Speaking of the Starterkit, September went by and I made 10 sales, without advertising it or anything, so those numbers are at the lower end of the “potential sales” spectrum. That’s a sum (over $1,500) that I can live with. Well, actually, that’s a sum that I can live off of. On a related matter, I recently found a page detailling the traffic stats of the cocos2d-iphone.org website. If those stats are correct, the unique visits are over ten times that of my site. Now, frankly speaking, every time I get those little facts and stats from here and there over the past couple months, and then added up the numbers, compared them with mine, applied reasonably pessimistic estimations and caution, I do wonder: why the hell isn’t cocos2d run like a business?

If you ask me, with those traffic stats and a reasonable conversion rate of 0.1% per unique visitor (mine is over 0.2%), one could easily pay 3 people to develop cocos2d, test it, write documentation, moderate the forum, and in general adding more business value. Which in turn grows the business, speeds up the development of the engine, tools and by-products and will make everyone benefit from that. I don’t get it. Because at this point, it’s either going to be that, or a slow decline to a niche product over the next couple years due to the increasingly strong competition from other iOS engines. Especially those that offer cross-platform support, since that’s what contractors are asking for, or even demanding, more and more.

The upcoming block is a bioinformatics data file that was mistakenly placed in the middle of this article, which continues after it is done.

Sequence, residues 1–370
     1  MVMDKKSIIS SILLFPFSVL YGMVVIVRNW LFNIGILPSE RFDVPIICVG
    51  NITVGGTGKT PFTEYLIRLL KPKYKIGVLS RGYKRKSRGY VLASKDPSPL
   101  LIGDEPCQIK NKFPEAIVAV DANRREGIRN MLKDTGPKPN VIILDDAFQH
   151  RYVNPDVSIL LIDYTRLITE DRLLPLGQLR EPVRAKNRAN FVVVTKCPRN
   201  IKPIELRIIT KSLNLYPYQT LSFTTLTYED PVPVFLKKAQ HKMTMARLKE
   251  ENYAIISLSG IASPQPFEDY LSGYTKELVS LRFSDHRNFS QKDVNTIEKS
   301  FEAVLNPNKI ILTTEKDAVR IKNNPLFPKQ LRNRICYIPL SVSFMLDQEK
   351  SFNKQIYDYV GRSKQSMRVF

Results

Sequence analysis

Anyhow, for my part, I decided that now would be a good time to start doing the Indie thing full-time, still accepting contract work but I’m able to be a lot pickier about it. I have a goal set out for myself, and it’s not a simple one. I’ve always enjoyed most to help my colleagues, to fix their problems, to support them and in general, to help them achieve excellence. I know, that sounds like something you’d find in EA’s job matrix – and in fact, you do. Helping others achieve excellence, throughout my professional career, that’s what I’ve been doing and enjoying the most. Now I find myself doing that for cocos2d developers, enjoying it and being able to support myself in the process. Well, I think I’ll have to thank you, my dear readers, for that. :)

As a thank you back, I’ve started working on a bigger project about 3 months ago that will be useful and helpful to many indie game developers, regardless of the engine you may be using. Hence it deserves its own website and a cool name (darn, that is hard!). I’m looking forward to really getting into high gear with it after I’ve submitted the remaining book chapters. Stay tuned.